The proof is in… your email?

Lately, my employer has seen an increase in the amount of clients who are now insisting on seeing PDF proofs of their artwork only. The irony is that the clients had provided PDF art to begin with, and in many instances, the same file sent to the printer is literally emailed straight back to the client.

This is a dangerous practice. Proofs like this will not:

  • determine whether the artwork was imposed or double-sided correctly by the printer;
  • show the colour quality of a printed proof;
  • reveal any corruptions, incorrect trapping or unwanted overprints which have been either created or processed by the printer’s RIP;

It also assumes that the client is going to view the PDF in Adobe Acrobat Reader or Pro. How about if the client chooses to open the PDF:

  • Using Mac’s Preview software; or
  • Nitro PDF (or any other third party PDF developer); or
  • within an internet browser such as Safari or Internet Explorer?

It further assumes that the client is viewing the PDF in conditions identical to that of the author, such as overprint preview being enabled.

Here is an example to demonstrate how the same PDF can look differently with something as simple as “overprint preview” being enabled. Download this PDF and try to view the PDF:

  • Using Adobe Acrobat Professional with Output Preview turned on;
  • Using Adobe Acrobat Reader (only the default settings);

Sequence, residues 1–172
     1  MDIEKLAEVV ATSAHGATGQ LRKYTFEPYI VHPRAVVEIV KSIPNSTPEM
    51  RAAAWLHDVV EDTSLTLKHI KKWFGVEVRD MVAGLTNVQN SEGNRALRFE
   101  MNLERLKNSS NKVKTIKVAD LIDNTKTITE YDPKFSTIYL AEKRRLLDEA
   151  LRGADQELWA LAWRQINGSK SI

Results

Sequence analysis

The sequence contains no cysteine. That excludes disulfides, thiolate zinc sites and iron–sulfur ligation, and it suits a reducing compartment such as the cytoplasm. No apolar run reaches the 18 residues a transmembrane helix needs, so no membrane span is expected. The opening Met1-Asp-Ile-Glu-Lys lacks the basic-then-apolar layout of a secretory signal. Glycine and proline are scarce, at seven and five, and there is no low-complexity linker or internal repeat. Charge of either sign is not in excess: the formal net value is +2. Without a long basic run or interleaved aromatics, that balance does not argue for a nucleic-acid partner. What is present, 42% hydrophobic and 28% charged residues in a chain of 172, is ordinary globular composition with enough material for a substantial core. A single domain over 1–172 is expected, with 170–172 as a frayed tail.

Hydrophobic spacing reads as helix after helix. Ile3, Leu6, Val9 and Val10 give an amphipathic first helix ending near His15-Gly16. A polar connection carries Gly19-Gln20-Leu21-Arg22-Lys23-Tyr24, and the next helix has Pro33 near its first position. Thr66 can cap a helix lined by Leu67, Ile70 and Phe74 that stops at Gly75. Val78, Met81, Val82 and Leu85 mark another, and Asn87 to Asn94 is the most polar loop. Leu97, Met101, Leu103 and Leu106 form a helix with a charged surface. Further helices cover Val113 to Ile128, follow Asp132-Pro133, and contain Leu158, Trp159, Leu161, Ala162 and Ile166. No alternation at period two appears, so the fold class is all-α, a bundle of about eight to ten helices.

• within any internet browser; and
  • Using Mac’s Preview software.

Did the image look like:

or did the PDF look like

The bottom example is how the table would have likely printed, given that it had fill overprints enabled in the table setup:

But it is more likely that the file actually looked like the first example in Acrobat Reader or via Mac’s Preview option.

Yes, customers can be given instructions to make sure that when they are looking at PDF proofs (using Acrobat Reader) to ensure that their overprint preview is turned on… if you can find it. It seems to be in a different menu or dialog depending which version and operating system they are using. It also assumes that an overprint preview option is available… what if they are viewing the PDF via an internet browser or mac preview – where is overprint preview there?

[EDIT: 9 February 2012]: The VIGC (Flemish Innovation Center for Graphic Communication) has posted an article which echoes the sentiments posted in this one concerning PDF previewers for print purposes. Click here to read the full article.

Nowadays, with many providers being interstate or overseas, printed proofs are not always an option or convenience.

Luckily, any printer worth their salt will be able to provide PDF proofs generated by their respective RIPs which will reveal any issues raised in the third bullet point above. PDFs proofed in this fashion typically display a rasterised file of how the artwork was interpreted by the RIP. If clients are familiar with impositions, this method may also solve the issues raised in the first bullet point. In terms of proofing colour… a printed proof will always be better.

Ultimately, if your hand is forced by your client, insist that the printer provide imposed proofs generated by the RIP rather than PDFs which had been sent to the printer in the first place.

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About colmin8r
A prepress operator since 1997 specialising in Adobe InDesign.

2 Responses to The proof is in… your email?

  1. Never thought of it that way.

  2. Pingback: See it at the final size – view size and Acrobat | Colecandoo!

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